In more good news, Chris Rock’s Top Five, which by most accounts I’ve heard is something really special, was an out-of-the-box success!  Playing at 979 theatres, with a full-on nationwide release coming soon, the film broke into the top five with wondrous ease, finishing in fourth with $7.2 million in ticket sales and a $7,000 per-screen average.  That’s $1.6 million more than Chris Rock’s last directing gig, 2007’s I Think I Love My Wife, opened with and that film had the luxury of almost double the number of screens that Top Five did!  So, not only did Top Five manage to send Chris Rock back on the interview circuit – seriously, I want him to keep making movies purely so he can keep going around giving interviews like this one and this one – it’s also apparently a really damn great movie and managed to make a fair bit of money!  DOUBLE VICTORY!!

Unfortunately, it’s not all good news, folks.  Paul Thomas Anderson’s adaptation of Inherent Vice was released in those five New York and Los Angeles art-house cinemas that all major awards season wannabes have to start off their life in if they want to taken seriously, apparently.  It managed $330,000, which sounds really great, and a per-screen average of $66,000, which is probably more than anybody working for this site or reading this article makes in a year.  But that’s also less than There Will Be Blood and The Master made opening weekends (per-screen in Blood’s case, overall and per-screen in Master’s case), so therefore Inherent Vice is a colossal failure of epic proportions that has ruined the careers of everyone involved.  Sorry Inherent Vice, thanks for trying!

In further limited release news, the Weinstein-backed The Imitation Game – so look for Benedict Cumberbatch to steal the Best Actor awards of whoever we’ve arbitrarily decided as a collective hive mind deserves it this year – continues to rake in the cash like Scrooge McDuck on a hot streak at the casino Blackjack table.  Expanding to 25 screens, the film took $875,000 this weekend for a per-screen average of $35,000, so look for it to crack the full list some point soon.  And finally, before we get down to business, we have Wild, which added 95 more screens this past weekend, cracked the Top 10 and allowed me to make a dreadful Hulk Hogan reference in the headline.  Yay films!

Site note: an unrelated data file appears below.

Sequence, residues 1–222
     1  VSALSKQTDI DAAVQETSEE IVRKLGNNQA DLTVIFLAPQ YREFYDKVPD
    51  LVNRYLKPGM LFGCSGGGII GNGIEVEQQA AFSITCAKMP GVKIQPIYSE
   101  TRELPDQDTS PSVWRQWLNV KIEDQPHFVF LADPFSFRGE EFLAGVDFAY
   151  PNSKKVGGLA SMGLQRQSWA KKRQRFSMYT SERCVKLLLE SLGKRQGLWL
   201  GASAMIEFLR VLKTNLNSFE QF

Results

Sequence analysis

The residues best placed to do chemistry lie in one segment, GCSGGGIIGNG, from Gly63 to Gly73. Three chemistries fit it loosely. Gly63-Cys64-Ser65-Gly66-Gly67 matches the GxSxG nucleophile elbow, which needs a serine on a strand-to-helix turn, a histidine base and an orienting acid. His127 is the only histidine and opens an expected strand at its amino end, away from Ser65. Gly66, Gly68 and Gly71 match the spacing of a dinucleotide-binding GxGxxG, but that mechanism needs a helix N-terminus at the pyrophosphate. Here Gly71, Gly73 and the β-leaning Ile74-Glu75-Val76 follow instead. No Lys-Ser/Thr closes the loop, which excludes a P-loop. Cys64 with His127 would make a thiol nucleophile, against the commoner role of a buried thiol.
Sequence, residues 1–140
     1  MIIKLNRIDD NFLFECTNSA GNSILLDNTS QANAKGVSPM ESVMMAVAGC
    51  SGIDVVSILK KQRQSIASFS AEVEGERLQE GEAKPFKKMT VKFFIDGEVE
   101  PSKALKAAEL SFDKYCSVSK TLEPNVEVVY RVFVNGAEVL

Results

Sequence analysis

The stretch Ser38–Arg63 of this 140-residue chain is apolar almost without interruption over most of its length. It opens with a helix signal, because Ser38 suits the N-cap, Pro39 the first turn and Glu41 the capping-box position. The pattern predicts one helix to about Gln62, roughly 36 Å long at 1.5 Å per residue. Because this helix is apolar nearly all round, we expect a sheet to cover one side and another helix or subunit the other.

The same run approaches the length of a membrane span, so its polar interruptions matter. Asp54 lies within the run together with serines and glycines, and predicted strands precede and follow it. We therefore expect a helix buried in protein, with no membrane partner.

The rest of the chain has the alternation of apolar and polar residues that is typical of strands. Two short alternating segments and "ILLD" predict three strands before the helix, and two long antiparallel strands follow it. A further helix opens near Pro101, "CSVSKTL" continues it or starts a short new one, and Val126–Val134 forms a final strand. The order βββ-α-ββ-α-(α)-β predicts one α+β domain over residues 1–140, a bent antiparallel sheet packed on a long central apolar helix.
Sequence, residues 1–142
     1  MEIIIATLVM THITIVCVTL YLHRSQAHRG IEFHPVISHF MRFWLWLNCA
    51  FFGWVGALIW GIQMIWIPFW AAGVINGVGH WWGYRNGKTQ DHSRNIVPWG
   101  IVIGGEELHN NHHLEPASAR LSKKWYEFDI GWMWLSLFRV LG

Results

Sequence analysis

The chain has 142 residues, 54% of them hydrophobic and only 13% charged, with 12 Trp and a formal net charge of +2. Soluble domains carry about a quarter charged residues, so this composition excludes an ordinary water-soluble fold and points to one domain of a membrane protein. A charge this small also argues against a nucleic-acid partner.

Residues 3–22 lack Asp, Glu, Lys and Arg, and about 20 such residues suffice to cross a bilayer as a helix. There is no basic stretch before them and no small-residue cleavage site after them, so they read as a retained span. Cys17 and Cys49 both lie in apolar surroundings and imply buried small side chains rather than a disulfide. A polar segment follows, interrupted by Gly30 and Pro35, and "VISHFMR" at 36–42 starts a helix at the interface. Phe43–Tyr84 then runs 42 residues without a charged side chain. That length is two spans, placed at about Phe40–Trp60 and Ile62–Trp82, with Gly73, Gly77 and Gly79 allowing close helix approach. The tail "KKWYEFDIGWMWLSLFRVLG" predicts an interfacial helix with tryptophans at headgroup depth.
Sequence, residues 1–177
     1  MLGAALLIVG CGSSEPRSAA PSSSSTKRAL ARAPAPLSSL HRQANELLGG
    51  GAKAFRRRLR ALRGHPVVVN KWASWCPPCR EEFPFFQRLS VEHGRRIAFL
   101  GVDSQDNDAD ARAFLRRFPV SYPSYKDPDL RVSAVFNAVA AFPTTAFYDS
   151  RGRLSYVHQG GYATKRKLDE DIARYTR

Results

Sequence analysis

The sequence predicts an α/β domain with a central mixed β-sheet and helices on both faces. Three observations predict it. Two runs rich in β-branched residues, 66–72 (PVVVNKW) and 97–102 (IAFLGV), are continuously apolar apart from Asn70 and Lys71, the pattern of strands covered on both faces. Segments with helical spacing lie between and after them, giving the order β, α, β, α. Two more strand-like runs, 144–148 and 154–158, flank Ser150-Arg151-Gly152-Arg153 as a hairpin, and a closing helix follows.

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This Full List used to be a visionary, but has spent the past decade phoning it in with boring sh*tty spectacle pieces instead of anything decent.

Box Office Results: Friday 12th December 2014 – Sunday 14th December 2014

1] Exodus: Gods And Kings

$24,500,000 / NEW

Nope, can’t do it.  I can’t get over the fact that they cast white actors to play the roles of Middle East natives.  Especially since the good leads are lightly tanned, whilst the bad leads are made much darker in skin, and that the slaves are still people of colour.  I mean, sweet lord, how f*cking tone deaf do you have to be to not get that?!  We were raking The Last Airbender over the coals for trying to pull this sh*t back in 2010, and you thought that you were honestly going to get away with it now?!  Ridley Scott’s explanation doesn’t help matters, either, as all it does is remind us all of just how broken the Hollywood system is and… well, it’s not like casting recognisable names has helped much at the box office, has it?

2] The Hunger Games: Mockingjay, Part 1

$13,200,000 / $277,398,000

This is going to close around $750 million, I’d say.  It’s already at $611 million, it’ll pass The Hunger Games some point in the next week or two, and it shows no real signs of slowing down.  It’ll wrap up lower than Catching Fire’s $865 million worldwide, but it’s definitely going to be, in be within spitting distance of being, the biggest grossing film domestically of 2014 when all is wrapped up.  Does this mean we’re now done calling this a box office disappointment, even though it never was one to begin with?

3] Penguins Of Madagascar

$7,300,000 / $58,839,000

Well, sh*t.  At least I’ll be at the forefront of the “This movie was criminally overlooked at the box office!” brigade in a few years’ time!  Or more likely, considering how quickly we are to label things as underrated and “cult classics” and the like nowadays, two months’ time.